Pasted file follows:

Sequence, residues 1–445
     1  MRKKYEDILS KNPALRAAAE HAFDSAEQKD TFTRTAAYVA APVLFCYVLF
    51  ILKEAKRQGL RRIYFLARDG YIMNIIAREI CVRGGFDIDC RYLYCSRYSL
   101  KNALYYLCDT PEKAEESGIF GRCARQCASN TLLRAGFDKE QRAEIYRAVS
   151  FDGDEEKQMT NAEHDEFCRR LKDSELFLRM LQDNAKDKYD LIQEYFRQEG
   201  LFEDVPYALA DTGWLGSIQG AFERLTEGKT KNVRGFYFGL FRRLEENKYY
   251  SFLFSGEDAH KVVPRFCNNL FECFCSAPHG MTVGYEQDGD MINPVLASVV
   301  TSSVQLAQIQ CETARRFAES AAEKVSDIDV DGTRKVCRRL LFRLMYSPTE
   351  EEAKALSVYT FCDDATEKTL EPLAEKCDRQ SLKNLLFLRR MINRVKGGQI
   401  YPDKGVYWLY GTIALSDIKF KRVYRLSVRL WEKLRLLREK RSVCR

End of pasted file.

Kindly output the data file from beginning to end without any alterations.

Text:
Sequence, residues 1–445
     1  MRKKYEDILS KNPALRAAAE HAFDSAEQKD TFTRTAAYVA APVLFCYVLF
    51  ILKEAKRQGL RRIYFLARDG YIMNIIAREI CVRGGFDIDC RYLYCSRYSL
   101  KNALYYLCDT PEKAEESGIF GRCARQCASN TLLRAGFDKE QRAEIYRAVS
   151  FDGDEEKQMT NAEHDEFCRR LKDSELFLRM LQDNAKDKYD LIQEYFRQEG
   201  LFEDVPYALA DTGWLGSIQG AFERLTEGKT KNVRGFYFGL FRRLEENKYY
   251  SFLFSGEDAH KVVPRFCNNL FECFCSAPHG MTVGYEQDGD MINPVLASVV
   301  TSSVQLAQIQ CETARRFAES AAEKVSDIDV DGTRKVCRRL LFRLMYSPTE
   351  EEAKALSVYT FCDDATEKTL EPLAEKCDRQ SLKNLLFLRR MINRVKGGQI
   401  YPDKGVYWLY GTIALSDIKF KRVYRLSVRL WEKLRLLREK RSVCR